Do we find the same microbiology in guts and around roots? Not really, it is another case of parallel evolution where the different microbiomes in guts and roots do a very similar job.
The key question for farm managers, especially those going down the organic path, is “can soil biology replace my need for fertilizers and pesticides”? Let’s look at these one at a time.
This is “the big one” for organic farmers. You can use the traditional method of ploughing out all weeds or you can use rotations and cover crops to keep the ground covered. Weeds are opportunists and love bare ground. And work done by ASM has demonstrated that improving soil health or quality can favour the plants you want so they out-compete weeds. See our case studies on “Billilingra” and “Macfield”. Most crops and pastures are adapted to better soils anyway, so you can help them along by building up your soil health.
Better nutrient supply and uptake
Organic matter can supply not just N, P, K but all 13 of the nutrients needed by plants. Soil biology feeds off organic matter to break it down into soluble forms that can be absorbed by plant roots. This is particularly important for phosphorous. This is a slow release form of nutrition unlike the “all at once” provided by most fertilizers. Healthy soils with sufficient organic matter allow nitrogen fixing bacteria to remove nitrogen from the air. Another well-known example of nitrogen supply is rhizobium bacteria in legume inoculants that make nitrogen-fixing root nodules on legume crops and pastures. Gut and root bacteria produce vitamins such as riboflavin and vitamin B12. Root bacteria produce plant hormones that regulate plant growth and gut bacteria seem to regulate animal behaviour.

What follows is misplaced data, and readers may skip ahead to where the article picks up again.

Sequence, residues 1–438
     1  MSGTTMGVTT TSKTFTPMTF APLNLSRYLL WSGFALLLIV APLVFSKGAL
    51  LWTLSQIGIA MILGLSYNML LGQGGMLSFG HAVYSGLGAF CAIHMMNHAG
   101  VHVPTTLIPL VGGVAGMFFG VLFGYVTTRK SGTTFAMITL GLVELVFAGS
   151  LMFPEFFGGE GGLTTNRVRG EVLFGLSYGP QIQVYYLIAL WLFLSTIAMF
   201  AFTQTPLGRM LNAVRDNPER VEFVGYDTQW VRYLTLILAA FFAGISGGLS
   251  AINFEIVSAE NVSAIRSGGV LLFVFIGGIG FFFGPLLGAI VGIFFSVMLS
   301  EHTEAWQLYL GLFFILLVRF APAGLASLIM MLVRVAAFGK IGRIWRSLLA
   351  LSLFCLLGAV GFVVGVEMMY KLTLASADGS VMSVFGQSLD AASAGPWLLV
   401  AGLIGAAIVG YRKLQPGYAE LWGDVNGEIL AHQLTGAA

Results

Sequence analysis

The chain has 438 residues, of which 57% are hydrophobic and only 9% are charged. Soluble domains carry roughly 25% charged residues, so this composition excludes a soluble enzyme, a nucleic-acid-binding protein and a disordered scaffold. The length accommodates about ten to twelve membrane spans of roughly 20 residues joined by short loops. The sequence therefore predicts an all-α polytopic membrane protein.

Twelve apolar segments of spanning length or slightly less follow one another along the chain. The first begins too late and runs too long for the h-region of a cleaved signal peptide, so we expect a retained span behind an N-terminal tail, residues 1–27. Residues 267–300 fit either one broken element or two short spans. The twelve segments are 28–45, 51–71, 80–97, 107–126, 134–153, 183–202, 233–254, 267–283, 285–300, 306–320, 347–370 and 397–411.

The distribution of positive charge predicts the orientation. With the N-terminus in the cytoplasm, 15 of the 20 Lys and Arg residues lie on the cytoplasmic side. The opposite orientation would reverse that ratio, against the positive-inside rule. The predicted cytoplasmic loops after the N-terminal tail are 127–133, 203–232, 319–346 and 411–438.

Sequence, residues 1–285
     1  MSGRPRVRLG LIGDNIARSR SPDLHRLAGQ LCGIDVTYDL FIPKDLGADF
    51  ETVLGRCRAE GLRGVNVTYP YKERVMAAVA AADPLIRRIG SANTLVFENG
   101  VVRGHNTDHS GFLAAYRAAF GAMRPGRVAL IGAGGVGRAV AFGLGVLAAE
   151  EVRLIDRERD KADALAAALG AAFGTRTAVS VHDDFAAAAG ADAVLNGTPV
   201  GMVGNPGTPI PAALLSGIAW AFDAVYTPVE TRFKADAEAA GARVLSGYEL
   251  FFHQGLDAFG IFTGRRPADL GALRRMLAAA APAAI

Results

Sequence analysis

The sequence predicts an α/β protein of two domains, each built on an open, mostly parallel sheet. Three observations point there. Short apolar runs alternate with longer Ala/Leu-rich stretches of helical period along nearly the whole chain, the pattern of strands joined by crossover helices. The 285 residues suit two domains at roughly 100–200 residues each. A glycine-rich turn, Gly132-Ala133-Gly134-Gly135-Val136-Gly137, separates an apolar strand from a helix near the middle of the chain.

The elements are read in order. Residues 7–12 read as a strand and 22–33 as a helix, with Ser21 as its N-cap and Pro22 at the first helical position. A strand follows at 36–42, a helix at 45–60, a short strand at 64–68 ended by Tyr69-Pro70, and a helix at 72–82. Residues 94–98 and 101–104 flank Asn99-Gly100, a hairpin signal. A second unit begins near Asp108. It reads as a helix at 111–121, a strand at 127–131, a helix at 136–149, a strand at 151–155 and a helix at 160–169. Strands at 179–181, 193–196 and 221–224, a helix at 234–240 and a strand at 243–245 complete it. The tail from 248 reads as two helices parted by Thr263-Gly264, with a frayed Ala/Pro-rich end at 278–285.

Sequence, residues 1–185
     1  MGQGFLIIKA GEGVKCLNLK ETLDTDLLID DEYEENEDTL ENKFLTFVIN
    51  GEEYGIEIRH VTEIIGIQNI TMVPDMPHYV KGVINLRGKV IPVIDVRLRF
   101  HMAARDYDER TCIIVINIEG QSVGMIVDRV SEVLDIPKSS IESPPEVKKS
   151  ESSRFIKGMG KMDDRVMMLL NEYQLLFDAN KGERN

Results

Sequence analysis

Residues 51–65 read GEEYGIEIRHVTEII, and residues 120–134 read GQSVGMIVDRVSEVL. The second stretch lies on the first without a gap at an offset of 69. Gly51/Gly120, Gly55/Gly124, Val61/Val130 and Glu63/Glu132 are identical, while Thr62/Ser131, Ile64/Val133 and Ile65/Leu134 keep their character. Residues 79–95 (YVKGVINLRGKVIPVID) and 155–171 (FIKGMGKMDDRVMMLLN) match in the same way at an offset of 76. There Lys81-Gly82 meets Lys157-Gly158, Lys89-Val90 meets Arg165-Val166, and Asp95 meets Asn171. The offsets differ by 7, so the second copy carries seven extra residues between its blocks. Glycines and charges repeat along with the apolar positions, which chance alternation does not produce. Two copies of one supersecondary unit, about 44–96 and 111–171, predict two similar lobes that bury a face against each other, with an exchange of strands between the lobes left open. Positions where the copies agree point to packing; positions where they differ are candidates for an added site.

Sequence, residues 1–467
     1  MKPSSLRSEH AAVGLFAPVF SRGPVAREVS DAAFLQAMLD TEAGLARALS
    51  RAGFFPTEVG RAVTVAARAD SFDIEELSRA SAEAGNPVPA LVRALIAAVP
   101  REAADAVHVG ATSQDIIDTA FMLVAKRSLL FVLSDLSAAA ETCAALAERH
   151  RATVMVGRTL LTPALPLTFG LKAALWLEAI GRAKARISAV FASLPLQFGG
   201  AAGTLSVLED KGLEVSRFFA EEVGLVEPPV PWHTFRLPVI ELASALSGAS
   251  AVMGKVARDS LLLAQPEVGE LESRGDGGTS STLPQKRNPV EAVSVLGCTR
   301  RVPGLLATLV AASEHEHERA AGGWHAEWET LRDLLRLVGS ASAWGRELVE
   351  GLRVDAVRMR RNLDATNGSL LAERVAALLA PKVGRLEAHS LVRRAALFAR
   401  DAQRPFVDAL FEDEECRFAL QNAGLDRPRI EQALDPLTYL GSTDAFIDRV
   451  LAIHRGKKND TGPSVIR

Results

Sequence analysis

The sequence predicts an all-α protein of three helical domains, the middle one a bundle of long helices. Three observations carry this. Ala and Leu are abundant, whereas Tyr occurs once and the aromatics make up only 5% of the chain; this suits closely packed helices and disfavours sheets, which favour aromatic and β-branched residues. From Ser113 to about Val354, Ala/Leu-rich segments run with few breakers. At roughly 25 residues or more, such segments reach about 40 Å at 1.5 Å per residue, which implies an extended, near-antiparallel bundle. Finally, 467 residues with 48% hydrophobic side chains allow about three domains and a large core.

Gut and root microbiomes suppress diseases. Bacterial inoculants in agriculture and forestry are considered equivalent to probiotics for animal health. Probiotics stimulate plant and animal defence systems and out-compete disease-causing microbes. In plants, root genes switched on by soil bacteria are involved in defence responses. Seeds may harbor a reservoir of probiotics for their seedlings. Plant root exudates can stimulate particular microbes that they need and suppress those they do not want. This is well known in the scientific community.
In conclusion, farmers CAN run their businesses without chemicals and keep producing with less costs to themselves and their environment. A particularly important advantage for Australian farmers is better water use efficiency. This means that the rainfall you receive is captured and stored by your soils without running off to be lost from the property. When rains falls you can be confident that it is stored and ready to be used by the crops and pastures on your farm. In this way you build up a buffer against dry spells. Your place will be green and still producing while your neighbours will be suffering.
So, to revisit the initial question “does organic food really provide better nutrition”, people increasingly want organic food but they also want it be healthy and full of nutrition. And they are prepared to pay more for it. Therefore, “the answer lies in the soil” and it goes Beyond Organics.